- Sales & trading is more prominent and mathy than New York – plenty of very technical graduates from Europe
- While New York is a major finance hub, Houston covers energy and San Francisco has technology – in EMEA, London covers everything and is a global capital for energy and mining
Getting into Investment Banking in London
If you are working in investment banking already, practically every respectable bank has a London office – ask to transfer.
If you are doing exchange in the UK, Oxford, Cambridge, London School of Economics, Imperial, University College London are prominent names with strong recruiting streams – however not all of these schools will have exchange programs with your school.
Durham, Warwick, Bath, Bristol and Manchester may be good ways to get in front of bankers – these schools have large alumni networks in the city and are fun (so I have heard).
Top schools in Europe are also an in. Bocconi, various French polytechnics, Stockholm School of Economics are all good choices.
So often repeated that it is almost cliche, for investment banking jobs in London you need a 2:1 or Second Class Honours to be looked at and it does not matter what courses you take – so take the easiest ones possible. If you get first class honours, supposedly people think you are a dork but I cannot confirm. You do not need to be the alpha wrangler at Trinity College at Cambridge to get into investment banking.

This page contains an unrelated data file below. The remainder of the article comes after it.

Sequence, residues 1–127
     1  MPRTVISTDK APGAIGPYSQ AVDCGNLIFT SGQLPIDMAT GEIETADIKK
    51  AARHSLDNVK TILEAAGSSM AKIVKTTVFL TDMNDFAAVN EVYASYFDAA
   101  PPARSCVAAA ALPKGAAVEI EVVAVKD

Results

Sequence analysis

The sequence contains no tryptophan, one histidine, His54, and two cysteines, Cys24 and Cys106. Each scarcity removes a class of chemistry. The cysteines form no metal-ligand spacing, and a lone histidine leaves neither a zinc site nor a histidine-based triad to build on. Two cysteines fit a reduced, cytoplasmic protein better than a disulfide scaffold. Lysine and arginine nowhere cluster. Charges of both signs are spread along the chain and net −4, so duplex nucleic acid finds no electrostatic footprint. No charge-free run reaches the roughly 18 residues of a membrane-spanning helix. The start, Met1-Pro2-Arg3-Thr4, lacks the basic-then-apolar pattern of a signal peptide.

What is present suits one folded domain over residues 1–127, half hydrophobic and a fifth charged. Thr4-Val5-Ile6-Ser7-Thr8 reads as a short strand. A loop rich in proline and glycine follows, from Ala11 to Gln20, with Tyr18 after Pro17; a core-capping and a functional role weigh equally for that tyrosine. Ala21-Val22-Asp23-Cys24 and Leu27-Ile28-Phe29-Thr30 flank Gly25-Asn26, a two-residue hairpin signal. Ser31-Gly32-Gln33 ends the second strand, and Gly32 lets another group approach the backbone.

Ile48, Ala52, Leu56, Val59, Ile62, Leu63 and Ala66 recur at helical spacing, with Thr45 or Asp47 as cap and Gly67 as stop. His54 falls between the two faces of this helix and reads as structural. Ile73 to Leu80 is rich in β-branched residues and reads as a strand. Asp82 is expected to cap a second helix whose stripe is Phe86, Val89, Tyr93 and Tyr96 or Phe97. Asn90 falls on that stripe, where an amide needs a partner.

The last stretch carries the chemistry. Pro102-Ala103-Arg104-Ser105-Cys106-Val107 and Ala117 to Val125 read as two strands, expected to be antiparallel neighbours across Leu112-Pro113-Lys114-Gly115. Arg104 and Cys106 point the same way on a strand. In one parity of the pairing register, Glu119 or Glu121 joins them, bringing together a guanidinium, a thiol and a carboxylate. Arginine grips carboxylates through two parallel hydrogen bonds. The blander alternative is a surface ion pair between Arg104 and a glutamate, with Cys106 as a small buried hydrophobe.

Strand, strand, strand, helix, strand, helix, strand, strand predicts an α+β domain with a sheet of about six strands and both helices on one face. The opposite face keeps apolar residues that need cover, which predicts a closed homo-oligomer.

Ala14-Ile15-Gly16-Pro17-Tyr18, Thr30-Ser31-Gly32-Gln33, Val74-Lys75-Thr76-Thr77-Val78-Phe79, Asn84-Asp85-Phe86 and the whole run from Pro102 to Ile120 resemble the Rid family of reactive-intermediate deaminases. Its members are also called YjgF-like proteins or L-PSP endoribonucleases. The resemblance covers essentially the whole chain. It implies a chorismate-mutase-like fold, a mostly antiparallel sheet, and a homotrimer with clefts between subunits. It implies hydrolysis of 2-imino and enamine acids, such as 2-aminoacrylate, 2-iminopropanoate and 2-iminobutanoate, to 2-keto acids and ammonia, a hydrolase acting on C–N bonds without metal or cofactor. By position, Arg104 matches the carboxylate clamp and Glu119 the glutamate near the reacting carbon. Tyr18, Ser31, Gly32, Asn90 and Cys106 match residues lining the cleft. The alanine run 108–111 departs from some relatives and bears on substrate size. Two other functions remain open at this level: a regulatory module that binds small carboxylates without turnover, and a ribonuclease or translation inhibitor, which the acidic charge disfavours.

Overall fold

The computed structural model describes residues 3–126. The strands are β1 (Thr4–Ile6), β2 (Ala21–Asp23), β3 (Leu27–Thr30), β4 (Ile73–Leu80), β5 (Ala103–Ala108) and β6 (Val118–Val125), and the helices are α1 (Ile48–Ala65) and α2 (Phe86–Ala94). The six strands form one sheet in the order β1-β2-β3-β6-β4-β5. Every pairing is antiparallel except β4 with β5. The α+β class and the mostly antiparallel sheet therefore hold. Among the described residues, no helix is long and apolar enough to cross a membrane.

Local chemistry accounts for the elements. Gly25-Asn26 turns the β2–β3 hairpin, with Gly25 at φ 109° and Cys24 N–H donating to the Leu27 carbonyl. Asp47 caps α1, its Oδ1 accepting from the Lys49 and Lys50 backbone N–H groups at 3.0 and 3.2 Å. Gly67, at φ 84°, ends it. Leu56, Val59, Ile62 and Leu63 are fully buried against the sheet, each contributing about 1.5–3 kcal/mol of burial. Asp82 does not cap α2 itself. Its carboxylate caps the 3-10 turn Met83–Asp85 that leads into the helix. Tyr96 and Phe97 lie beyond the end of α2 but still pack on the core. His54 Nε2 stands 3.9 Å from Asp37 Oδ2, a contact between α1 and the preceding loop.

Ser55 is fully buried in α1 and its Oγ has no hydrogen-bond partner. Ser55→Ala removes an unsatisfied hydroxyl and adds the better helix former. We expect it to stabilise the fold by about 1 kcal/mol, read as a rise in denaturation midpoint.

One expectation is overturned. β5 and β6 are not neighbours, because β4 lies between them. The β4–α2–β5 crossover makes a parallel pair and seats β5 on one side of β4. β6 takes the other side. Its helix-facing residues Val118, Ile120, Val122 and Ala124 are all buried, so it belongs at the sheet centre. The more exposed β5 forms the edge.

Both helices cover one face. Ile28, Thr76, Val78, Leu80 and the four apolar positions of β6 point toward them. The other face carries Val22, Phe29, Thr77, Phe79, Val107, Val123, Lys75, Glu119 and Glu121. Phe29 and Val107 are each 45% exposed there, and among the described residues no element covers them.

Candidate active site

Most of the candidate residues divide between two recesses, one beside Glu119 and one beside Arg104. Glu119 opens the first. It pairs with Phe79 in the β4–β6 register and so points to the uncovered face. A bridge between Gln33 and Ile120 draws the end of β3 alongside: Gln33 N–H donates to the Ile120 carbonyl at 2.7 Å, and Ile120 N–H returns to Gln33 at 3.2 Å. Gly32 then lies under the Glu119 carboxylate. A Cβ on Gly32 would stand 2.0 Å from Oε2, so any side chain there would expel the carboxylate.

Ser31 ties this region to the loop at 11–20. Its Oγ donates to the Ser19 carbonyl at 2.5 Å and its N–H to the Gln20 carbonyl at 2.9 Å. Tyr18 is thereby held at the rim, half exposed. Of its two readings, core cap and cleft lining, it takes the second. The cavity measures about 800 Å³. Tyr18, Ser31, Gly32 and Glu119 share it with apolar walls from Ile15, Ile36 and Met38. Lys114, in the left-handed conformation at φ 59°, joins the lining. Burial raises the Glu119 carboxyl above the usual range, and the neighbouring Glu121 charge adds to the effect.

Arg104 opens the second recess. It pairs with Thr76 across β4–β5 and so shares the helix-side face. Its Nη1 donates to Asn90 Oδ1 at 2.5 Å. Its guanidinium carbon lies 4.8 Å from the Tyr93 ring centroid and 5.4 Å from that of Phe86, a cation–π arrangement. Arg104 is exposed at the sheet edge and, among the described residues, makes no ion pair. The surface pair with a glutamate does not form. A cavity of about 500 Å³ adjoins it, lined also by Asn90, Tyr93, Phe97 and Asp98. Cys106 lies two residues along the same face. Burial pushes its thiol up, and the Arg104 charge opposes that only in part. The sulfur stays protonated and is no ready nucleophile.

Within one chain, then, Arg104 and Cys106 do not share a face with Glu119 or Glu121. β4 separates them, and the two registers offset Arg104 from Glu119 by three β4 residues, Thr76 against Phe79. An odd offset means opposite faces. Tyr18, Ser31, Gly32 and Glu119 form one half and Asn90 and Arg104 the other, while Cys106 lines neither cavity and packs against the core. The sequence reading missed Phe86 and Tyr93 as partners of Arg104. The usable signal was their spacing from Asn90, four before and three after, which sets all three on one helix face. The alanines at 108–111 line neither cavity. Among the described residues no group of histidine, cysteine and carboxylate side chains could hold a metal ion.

For MBAs, London Business School is head and shoulders above the rest. Otherwise, there is much less of an MBA culture like there is in the US – analyst to associate promotions are far more common and investment banking is seen as a career choice. Private equity exits are more rare and private equity firms tend to have more diverse backgrounds.
Likewise, hedge funds do recruit investment banking analysts but also look at capital markets backgrounds. Hedge funds will be dotted all over the map as well, with some operating in Zurich and plenty of places in Singapore looking for ex-London bankers.
- Soccer/football is the main sport here and clients will be often brought into the corporate box at an Old Trafford (a train or coach required) or Stamford Bridge
- Rugby union is also popular, my old boss enjoyed going to Twickenham
- Cricket (ODI and Test) are actually the best client events because you get them for the entire day and smash Pimm’s Cups
- Everyone eats at Pret A Manger (or just “Pret”)
- People still listen to Oasis – but do not spend time with these people
- London is NOT the rest of the United Kingdom – or England (hence Brexit)
- To best prepare for your move, watch Snatch and Layer Cake
- Then buy an Oyster card
- No matter where you came from everyone ends up speaking the Received Pronounciation (Queen’s English) – there are still some awkward interactions which are quite classist in nature and end up reinforcing this dynamic
- I lied, some Americans never make it all the way to RP